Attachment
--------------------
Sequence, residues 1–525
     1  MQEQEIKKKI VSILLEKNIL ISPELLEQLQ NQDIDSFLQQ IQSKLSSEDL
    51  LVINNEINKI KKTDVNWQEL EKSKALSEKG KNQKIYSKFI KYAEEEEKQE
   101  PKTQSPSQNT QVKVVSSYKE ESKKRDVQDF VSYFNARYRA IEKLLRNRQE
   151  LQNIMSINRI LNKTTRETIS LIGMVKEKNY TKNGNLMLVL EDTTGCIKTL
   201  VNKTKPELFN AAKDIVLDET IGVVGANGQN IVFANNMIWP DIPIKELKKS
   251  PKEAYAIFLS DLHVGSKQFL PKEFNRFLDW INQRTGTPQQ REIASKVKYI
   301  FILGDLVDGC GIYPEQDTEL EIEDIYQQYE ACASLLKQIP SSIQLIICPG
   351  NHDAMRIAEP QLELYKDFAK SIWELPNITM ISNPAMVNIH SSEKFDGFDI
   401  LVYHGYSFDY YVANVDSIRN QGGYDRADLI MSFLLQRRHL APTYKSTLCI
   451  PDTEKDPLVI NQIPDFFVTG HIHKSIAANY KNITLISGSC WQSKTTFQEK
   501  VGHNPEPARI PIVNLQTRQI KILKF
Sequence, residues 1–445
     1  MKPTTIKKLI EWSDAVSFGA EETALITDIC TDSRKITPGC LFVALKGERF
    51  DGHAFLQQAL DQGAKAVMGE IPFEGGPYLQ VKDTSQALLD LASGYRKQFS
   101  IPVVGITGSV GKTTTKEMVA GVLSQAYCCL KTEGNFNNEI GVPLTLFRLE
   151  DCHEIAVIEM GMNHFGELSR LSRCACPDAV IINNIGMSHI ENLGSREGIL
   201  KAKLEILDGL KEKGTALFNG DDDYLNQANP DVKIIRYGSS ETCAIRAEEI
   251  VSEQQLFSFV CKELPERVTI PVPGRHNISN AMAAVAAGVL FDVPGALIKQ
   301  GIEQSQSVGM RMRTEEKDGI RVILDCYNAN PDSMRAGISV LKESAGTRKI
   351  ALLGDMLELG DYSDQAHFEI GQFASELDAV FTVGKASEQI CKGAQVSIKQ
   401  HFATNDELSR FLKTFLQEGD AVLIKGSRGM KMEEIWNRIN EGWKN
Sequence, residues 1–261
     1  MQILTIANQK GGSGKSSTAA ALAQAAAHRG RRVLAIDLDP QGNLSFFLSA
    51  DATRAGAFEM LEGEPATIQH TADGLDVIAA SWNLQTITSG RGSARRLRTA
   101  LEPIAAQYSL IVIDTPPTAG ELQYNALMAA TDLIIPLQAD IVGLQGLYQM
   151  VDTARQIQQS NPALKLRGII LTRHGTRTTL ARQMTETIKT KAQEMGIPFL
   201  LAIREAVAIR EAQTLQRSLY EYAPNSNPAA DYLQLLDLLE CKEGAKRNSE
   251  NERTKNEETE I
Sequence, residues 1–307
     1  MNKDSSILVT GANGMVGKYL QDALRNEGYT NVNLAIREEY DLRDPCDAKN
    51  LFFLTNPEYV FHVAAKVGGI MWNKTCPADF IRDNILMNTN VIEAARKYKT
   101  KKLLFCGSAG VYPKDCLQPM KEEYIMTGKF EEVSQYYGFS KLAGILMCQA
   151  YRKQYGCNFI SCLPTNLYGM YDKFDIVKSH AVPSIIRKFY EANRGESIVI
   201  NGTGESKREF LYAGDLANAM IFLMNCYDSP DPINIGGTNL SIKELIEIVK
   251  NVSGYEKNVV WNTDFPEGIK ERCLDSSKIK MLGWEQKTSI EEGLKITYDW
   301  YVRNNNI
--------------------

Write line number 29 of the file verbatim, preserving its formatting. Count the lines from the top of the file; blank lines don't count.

   251  NERTKNEETE I